Primary Source-based Papers
The documents needed for each paper are ON RESERVE in the Library. I realize the copies I have of them are in a very small font size, so if you would like to print yourself larger versions, they can be accessed at the Medieval History Sourcebook at Fordham University.
You should make every effort to write well-integrated answers to the questions, with good grammar, spelling, and transitions. While you may want to use lots of direct quotations from the documents, these should be used sparingly, and you should avoid long, block quotes if at all possible.
In writing your papers, feel free to ask Dr. Myers questions, and discuss your ideas with your classmates. Keep in mind, though, that originality of thought is a bonus and will help you to a higher grade. And in writing all your papers, be sure that they are clear and understandable, even to a reader who knows nothing about the topics. For this reason I suggest that you ask a roommate or friend who is not in the course to proofread your papers, they should also help you catch typos. (If you have time, a visit to the Writing Studio in the Library is also something many students find helpful.)
Paper #1 - On the First or Third Crusade (due Thursday 4 December)
Q: Using either the example of the First or Third Crusade as a comparison, do you think the current western involvement in the Middle East is a modern-day crusade?
Be careful to remain objective in your analysis, this is a History paper, not strictly speaking an opinion paper. For either of the crusades you may wish to consider the following additional questions: What motivated the crusade (politically, spiritually)? What motivated the crusaders? What difficulties did they encounter in undertaking their adventure? What happened once they reached the Holy Lands? What was the nature of warfare at the time? What were the perceptions of the Muslims (and vice versa)? Was the crusade successful? And in the case of the Third Crusade, was the peace treaty equitable? Do you think it will bring peace?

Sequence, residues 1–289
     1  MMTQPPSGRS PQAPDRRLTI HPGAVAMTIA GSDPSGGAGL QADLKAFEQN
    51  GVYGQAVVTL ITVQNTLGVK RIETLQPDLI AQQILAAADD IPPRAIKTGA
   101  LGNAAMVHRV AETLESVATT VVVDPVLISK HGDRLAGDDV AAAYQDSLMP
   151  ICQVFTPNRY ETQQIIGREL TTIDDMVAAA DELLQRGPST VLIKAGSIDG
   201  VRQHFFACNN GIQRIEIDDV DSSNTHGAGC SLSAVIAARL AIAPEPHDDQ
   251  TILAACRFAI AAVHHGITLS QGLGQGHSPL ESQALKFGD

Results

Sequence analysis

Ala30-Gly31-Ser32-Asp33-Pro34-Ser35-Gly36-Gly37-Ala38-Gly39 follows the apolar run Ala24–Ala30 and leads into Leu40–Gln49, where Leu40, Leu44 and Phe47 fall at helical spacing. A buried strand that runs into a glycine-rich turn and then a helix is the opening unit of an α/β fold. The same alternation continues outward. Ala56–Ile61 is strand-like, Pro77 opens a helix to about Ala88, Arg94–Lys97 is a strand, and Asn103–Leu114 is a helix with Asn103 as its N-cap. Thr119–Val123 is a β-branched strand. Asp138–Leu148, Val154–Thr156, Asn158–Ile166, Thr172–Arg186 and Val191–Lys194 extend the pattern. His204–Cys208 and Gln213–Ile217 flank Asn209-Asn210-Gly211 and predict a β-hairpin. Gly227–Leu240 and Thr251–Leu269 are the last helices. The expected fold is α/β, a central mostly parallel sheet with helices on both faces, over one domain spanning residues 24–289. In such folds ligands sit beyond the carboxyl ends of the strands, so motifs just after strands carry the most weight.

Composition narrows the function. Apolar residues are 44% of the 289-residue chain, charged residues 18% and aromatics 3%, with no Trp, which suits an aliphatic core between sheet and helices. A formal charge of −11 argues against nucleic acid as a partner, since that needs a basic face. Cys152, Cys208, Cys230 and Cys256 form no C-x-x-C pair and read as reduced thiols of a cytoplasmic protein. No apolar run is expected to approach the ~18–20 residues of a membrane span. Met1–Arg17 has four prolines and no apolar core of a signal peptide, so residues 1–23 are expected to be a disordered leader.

Q1: How does student life at the University of Paris compare with that of Cornell College?
Again, be careful not to get too personal with this - stay objective! Additional questions to consider in writing this paper: In what ways are the students misbehaving? How do the authorities try to regulate the students? Does the situation seem to be getting better or worse over time? (you can define better and worse for yourself, but be clear about what you mean…)
Q2: How does marriage in the Middle Ages compare to marriage in the modern world?
Additional questions to consider: What are the roles of husband and wife? What are the expectations of physical contact between spouses? How does the church view marriage? What are the purposes of marriage? How is adultery viewed?
Q: The Magna Carta was designed to prevent tyranny in the form of the king, and it is cited as a forerunner of modern representative government. You must either discuss what aspects of the Magna Carta are similar to our modern government in the U.S., or what aspects are now outdated and no longer a part of modern government. You must refer to at least 12 points from the Magna Carta.
1 Morris Bishop, The Middle Ages (Boston and New York: Houghton Mifflin Company, 1968), p. 95.
2 Bishop, The Middle Ages, pp. 26-30.
3 Eileen Power, Medieval Women (Cambridge: Cambridge University Press, 1975), pp. 30, 45.
4 Medieval History Sourcebook, "Magna Carta 1215," point number 51, <www.fordham.edu/halsall/source/mcarta.html>.
5 Medieval History Sourcebook, "Crusader Letters: Anselm of Ribemount to Manasses II, Archbishop of Reims," <www.fordham.edu/halsall/source/cde-letters.html>.
6 Anselm of Ribemount.
7 History 101: Europe 800-1300, class notes, December 1, 2003.